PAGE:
Ofcom has set out a four-point plan to 'supercharge' the roll out of fibre broadband across the UK, putting pressure on Openreach to encourage competition and adding support for investment in rural areas. The announcement was quickly followed by industry calls for Ofcom to prioritise competition, a level playing field and momentum.
CityFibre CEO Greg Mesch welcomed the proposals but urged Ofcom to inject urgency into its planning if the Government’s ambitious 2025 target for national coverage is to be met.
"The target is possible but only achievable with bold and affirmative action," said Mesch.
“The direction of travel Ofcom is taking to ensure national coverage and to help establish the at-scale competitors essential to maintaining a healthy infrastructure market for the long term is right, but we would like to see it move further and faster.
“While we are encouraged by Ofcom’s recognition of the risks of volume discounts and geographic pricing to damage competition before it can scale, but we would like it to be even more proactive in addressing these issues."
Ofcom says today's proposal sets out conditions designed to accelerate the roll out of full fibre and improve the business case for fibre investment while protecting customers from high prices. The industry watchdog has proposed what it calls a 'flexible regulation that will help fuel a full-fibre future for the whole of the UK'.
In a statement Ofcom said it intends to vary regulation for different parts of the country to 'ensure nobody gets left behind'.
The proposals form part of Ofcom's review of wholesale telecoms used for residential and business services. It also maps out how Ofcom will regulate BT for the period from April 2021 to March 2026, proposing to introduce a four-point plan to support competitive investment in fibre networks.
1. Improving the business case for fibre investment. In more urban areas, where there is likely to be a choice of networks, Ofcom will set Openreach’s wholesale prices in a way that encourages competition from new networks, as well as investment by Openreach – by giving it the opportunity to make a fair return.
2. Protecting customers and driving competition. Ofcom is seeking to ensure people can still access affordable broadband by capping Openreach’s wholesale charges on its slower copper broadband services. To prevent Openreach from harming competition, it would be restricted from being able to offer discounts that could stifle investment by its rivals.
3. In more sparsely-populated rural areas, where there is no prospect of multiple networks being built, Ofcom plans to support investment by Openreach. Ofcom would allow Openreach to recover investment costs across the wholesale prices of a wider range of services, reducing the risk of its investment.
4. Closing the copper network. Ofcom plans to remove regulation on Openreach’s copper products in areas where full fibre is built. This, says the regulator, will support Openreach in switching customers over to the new fibre network.
Jonathan Oxley (pictured), Ofcom Interim Chief Executive, said: “These plans will help fuel a full fibre future for the whole country. We’re removing the remaining roadblocks to investment and supporting competition, so companies can build the networks that will drive the UK into the digital fast lane.”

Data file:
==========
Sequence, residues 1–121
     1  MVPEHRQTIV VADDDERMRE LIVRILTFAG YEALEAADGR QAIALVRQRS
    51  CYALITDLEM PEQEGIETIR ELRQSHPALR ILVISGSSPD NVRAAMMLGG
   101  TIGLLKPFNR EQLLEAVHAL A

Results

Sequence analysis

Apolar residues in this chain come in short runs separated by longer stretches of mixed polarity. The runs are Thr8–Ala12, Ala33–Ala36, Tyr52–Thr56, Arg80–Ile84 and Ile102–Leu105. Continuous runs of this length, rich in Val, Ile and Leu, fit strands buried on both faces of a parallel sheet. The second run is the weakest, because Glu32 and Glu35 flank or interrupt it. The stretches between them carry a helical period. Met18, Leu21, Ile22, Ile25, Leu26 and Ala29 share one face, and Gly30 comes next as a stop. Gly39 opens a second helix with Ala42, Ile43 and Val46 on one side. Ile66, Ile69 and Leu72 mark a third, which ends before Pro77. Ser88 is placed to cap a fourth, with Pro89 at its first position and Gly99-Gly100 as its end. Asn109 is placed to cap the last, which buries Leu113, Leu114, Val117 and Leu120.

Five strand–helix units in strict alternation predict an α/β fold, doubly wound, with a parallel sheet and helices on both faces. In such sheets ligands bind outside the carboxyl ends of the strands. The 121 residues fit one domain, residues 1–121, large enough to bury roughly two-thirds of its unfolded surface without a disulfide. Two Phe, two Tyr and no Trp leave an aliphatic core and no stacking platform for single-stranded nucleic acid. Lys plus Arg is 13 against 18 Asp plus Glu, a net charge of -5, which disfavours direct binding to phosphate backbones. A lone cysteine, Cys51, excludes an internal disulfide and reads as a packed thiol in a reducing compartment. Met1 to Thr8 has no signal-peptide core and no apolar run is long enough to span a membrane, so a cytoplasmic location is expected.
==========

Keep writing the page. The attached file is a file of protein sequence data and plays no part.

Ofcom is also hoping to support 5G by regulating Openreach’s leased lines which also form the data highways of the UK’s mobile and broadband networks.
Similar to its approach for broadband, Ofcom plans to vary its regulation depending on the level of current or potential competition in a given area.
This would involve Openreach having to provide companies with access to its dark fibre – cables that are ‘lit’ by competitors – in non-competitive areas, at a price that reflects its costs.
This, says Ofcom, would reduce the cost for mobile operators to roll out their new 5G networks.
The consultation closes on 1 April 2020 and Ofcom said it will publish its decisions in early 2021.
Tristia Harrison, Chief Executive of TalkTalk, said: “We fully support the goal of accelerating full fibre roll out in Britain. We are clear, however, that a competitive market is the only way to deliver this goal.
“It’s essential the regulatory environment allows competition and investment to thrive. Ofcom must avoid raising wholesale prices too early and only do so when competition has been established. This is the best way to encourage investment from new entrants, support retail competition and protect consumers from higher charges before they have access to faster, more reliable services.”
An Openreach spokesperson said: “Today’s proposals appear to be a big step in the right direction to give clarity and investment certainty.
“Like the Government and Ofcom, we want to upgrade the UK to faster, more reliable full fibre broadband. We’ll consider the range of proposals carefully and will continue to work with Ofcom and industry on getting the conditions right to help achieve the Government’s ambition of rolling out gigabit capable broadband across the UK as soon as possible.”
Also commenting on Ofcom’s ’Supercharging Investment in Fibre Broadband' announcement, Evan Wienburg, Truespeed CEO, stated: “We all agree that rural Britain deserves full fibre broadband. It’s well understood there are a growing number of privately funded infrastructure providers already investing in these network builds and customers are benefiting from products and services.
"Ofcom must take account of the work that providers such as Truespeed and others are doing in rural areas and not muddy the playing field by allowing Openreach to waste money on overbuilding projects in these areas.”
“We urge Ofcom to ensure a fair and level playing field between private and part public funded infrastructure providers as the industry ramps up to deliver on the promise of full fibre broadband for all, regardless of post code.”